Gary's "Shoestring" co-star Harry "Aitch" Fielder remembers: I’m off down to Bristol and Western Super Mare for ten days to work on this. I’m playing a baddie and Christopher Biggins is my boss. Also in the cast are, Toyah Wilcox, Chris Jagger (Mick’s brother) and Gary Holton. Gary was to go on and star in "Auf Wiedersehen, Pet". My main job on the show was to look ugly and hassle Gary and to make his character behave himself. A slap here and a slap there. In one night scene I throw him off the pier into the sea (Two takes) at Weston-Super-Mare. (We used stuntman Stuart Fell for the shot) A lot of the time I would help the crew keep Joe Public from staring down the lens of the camera. It was called public liaison work. The BBC has a policy that if someone is in the way of the shot the first words you say is ‘’Excuse me sir/madam’’…I spent a lot of time on the beach with those lines. Sadly Gary Holton died a few years later and still a very young man…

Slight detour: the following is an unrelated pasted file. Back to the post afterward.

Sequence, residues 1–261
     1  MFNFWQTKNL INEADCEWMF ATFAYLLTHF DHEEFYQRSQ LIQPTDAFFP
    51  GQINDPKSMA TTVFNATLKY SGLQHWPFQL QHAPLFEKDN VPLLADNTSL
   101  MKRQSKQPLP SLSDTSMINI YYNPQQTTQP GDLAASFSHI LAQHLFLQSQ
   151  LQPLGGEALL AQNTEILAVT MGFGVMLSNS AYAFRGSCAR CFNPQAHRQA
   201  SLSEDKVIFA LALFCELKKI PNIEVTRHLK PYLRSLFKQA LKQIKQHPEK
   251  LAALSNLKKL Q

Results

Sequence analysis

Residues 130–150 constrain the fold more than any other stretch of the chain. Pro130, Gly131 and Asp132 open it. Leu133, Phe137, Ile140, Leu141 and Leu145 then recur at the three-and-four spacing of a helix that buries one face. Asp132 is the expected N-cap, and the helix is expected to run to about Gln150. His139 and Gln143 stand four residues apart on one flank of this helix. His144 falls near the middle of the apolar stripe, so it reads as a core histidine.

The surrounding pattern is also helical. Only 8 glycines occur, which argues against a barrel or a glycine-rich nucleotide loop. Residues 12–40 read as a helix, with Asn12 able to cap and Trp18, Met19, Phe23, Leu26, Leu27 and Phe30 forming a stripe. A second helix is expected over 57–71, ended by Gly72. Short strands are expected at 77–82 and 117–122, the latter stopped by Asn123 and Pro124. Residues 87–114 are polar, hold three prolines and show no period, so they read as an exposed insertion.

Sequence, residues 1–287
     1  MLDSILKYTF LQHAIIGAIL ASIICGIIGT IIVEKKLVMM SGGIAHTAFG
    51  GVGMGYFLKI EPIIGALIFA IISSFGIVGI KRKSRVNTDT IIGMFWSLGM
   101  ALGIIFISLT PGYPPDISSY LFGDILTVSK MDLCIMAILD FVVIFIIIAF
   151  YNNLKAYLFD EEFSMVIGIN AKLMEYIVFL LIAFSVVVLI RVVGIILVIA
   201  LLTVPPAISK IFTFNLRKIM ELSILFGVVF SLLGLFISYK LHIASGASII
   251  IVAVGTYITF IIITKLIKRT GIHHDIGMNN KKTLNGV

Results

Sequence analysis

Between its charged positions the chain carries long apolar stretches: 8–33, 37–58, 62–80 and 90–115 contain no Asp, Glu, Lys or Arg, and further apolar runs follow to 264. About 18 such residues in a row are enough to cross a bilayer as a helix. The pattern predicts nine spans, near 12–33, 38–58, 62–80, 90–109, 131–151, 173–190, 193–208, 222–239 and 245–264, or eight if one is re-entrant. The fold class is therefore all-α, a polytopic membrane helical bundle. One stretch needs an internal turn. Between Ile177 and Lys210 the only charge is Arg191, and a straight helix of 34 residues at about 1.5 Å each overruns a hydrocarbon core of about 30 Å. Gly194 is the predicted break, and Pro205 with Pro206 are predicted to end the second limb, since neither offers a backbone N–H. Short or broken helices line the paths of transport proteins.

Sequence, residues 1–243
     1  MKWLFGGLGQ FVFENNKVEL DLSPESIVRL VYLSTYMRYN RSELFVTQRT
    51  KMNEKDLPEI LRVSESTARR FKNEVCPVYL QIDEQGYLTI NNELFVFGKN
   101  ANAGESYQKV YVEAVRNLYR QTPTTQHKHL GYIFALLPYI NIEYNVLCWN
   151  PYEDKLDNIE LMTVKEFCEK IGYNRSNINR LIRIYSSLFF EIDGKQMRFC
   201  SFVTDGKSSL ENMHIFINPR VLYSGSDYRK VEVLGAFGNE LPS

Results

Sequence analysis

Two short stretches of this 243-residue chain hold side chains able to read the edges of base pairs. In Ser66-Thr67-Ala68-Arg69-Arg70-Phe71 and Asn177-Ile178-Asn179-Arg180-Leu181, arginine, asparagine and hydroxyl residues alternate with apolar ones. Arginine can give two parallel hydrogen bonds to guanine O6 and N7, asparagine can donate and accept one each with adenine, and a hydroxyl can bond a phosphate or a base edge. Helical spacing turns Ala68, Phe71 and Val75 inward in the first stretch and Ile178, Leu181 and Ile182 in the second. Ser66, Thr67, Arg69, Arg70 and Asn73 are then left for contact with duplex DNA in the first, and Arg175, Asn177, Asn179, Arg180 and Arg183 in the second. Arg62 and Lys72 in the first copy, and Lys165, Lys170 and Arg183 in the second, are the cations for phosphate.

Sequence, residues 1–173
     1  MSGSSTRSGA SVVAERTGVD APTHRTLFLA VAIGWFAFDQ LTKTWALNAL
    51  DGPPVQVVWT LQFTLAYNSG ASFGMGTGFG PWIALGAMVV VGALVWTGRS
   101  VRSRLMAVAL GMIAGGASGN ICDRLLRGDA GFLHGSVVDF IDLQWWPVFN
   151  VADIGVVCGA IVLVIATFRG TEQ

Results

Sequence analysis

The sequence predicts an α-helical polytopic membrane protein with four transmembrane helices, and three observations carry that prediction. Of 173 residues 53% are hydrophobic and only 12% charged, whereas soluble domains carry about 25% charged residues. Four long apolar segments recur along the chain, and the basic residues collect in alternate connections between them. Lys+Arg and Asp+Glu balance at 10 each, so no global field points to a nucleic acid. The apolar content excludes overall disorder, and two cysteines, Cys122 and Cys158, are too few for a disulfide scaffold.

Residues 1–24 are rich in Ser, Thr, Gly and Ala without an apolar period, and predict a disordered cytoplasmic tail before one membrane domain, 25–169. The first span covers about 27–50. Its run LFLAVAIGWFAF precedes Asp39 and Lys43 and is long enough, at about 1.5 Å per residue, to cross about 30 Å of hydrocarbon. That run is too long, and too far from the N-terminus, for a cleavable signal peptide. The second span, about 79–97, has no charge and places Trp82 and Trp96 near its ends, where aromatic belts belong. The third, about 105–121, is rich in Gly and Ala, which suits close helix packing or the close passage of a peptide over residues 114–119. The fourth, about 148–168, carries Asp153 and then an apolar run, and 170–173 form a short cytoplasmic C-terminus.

Speaking to author Shirley Thompson in 2002 Gary's Mother, Joan, explained that, like many actors, when Gary visited her he didn't talk much about show business, he preferred to catch up on family news and just relax. "He loved to curl up in a chair and go to sleep or pootle around in the garden. "What time's dinner?" - that sort of thing." Joan and Ernie Holton were landlords of pubs the Wellington in Welshpool and the Crown & Sceptre in Minsterley, where Gary grew accustomed to socialising with the customers. "We were living in Houndwood at the time, I was a pub landlady, later he served behind the bar and when he was eighteen all the customers sent him birthday cards. He'd go and sit with the customers and play dominoes...he'd come home and relax...".

In between a stage and screen career, Gary also had a successful music career with Norwegian rocker Stein "Casino Steel" Groven. Gary and Casino recorded four studio albums between 1981 and 1984, with all four hitting the number one spot in Norway and Gary's brand of rig-rock earned him gold and silver discs for the singles "Ruby", "Blackberry Way" and "Catch a Falling Star".

Gary in the ads...

"Another pint here, when you're ready..."​